Hehehehehehe, how appropriate that title is.(chaotically creative) Can I use it for my business cards? [Yes! Go for it.] Well, I have a lot of passions. And I imagine most everyone knows I love dye, soap making, and book binding. But probably not that I have been looking at making shoes for a while. Or that I have sewn clothes and knitted for years. And I love hand building ceramics since high school. Or that I have become obsessed with growing certain plants in my flower bed.

I think the best way to describe me is that I am a maker. I see things and either want to make them for myself, or I get this desire to deconstruct the process to understand it and do it myself. I spent last fall studying what plants in my area I can make paper from, and how to make paper and cotton thread. Or that I’ve researched how to take an animal hide and make rawhide and leather. Or to use the hooves to make glue. This week is ink making week. Next week is paper making. I’m fascinated with process. (You should see my office! It’s like the (craft supply) room of requirement in Harry Potter!)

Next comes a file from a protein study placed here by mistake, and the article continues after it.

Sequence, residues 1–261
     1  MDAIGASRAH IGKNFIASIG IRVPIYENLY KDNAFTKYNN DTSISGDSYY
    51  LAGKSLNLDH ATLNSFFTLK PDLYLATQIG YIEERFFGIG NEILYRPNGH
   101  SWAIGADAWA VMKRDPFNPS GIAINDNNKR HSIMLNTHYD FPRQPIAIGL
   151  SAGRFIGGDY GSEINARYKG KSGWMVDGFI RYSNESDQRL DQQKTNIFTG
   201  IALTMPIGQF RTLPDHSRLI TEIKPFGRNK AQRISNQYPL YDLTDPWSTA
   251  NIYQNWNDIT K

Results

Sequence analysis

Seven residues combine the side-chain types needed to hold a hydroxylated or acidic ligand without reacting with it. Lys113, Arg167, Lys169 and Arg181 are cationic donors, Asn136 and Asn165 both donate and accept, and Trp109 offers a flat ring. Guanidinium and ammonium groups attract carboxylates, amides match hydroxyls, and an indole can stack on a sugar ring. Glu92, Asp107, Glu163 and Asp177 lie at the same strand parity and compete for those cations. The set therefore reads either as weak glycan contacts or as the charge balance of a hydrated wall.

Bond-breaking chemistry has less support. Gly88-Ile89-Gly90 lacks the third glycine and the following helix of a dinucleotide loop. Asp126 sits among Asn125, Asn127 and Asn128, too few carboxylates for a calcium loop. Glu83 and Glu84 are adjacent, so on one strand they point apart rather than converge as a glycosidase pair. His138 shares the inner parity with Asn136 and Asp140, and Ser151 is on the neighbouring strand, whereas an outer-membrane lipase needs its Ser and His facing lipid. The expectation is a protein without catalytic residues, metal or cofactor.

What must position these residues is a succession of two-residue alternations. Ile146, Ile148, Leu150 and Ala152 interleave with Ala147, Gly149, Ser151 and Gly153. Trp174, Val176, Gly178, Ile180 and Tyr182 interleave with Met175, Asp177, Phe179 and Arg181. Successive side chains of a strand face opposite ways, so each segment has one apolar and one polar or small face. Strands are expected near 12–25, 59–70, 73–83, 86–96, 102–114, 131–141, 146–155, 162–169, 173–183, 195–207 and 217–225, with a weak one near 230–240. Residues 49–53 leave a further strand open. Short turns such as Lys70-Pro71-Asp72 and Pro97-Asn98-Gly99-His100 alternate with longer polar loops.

My goal this summer is to make a book from scratch. From the paper inside to the leather and rawhide thread for binding it. I’ve even researched making my own needles for sewing it. As well as the ink and dip pens to write in it. (and charcoal pencils, oil paints, water color paints, paintbrushes, etc.)

What has been your favorite project/series to work on and why?

Project wise my favorite non writing thing is dye work. I love taking blank white fabric and making it colorful. I just finished gathering all the supplies I need to do Shibori and Indigo dying like the Japanese artists do.